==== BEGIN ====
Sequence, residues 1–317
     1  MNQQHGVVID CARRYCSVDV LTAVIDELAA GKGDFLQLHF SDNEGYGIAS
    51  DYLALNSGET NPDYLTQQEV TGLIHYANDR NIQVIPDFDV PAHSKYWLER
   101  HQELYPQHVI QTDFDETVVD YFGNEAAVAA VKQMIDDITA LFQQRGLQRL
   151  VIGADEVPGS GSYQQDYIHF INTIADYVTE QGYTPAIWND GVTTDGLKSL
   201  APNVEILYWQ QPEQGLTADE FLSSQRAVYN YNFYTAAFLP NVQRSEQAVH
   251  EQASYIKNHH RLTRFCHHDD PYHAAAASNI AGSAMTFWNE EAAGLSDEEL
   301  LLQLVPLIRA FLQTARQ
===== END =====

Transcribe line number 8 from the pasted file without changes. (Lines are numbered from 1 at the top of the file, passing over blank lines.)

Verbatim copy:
   301  LLQLVPLIRA FLQTARQ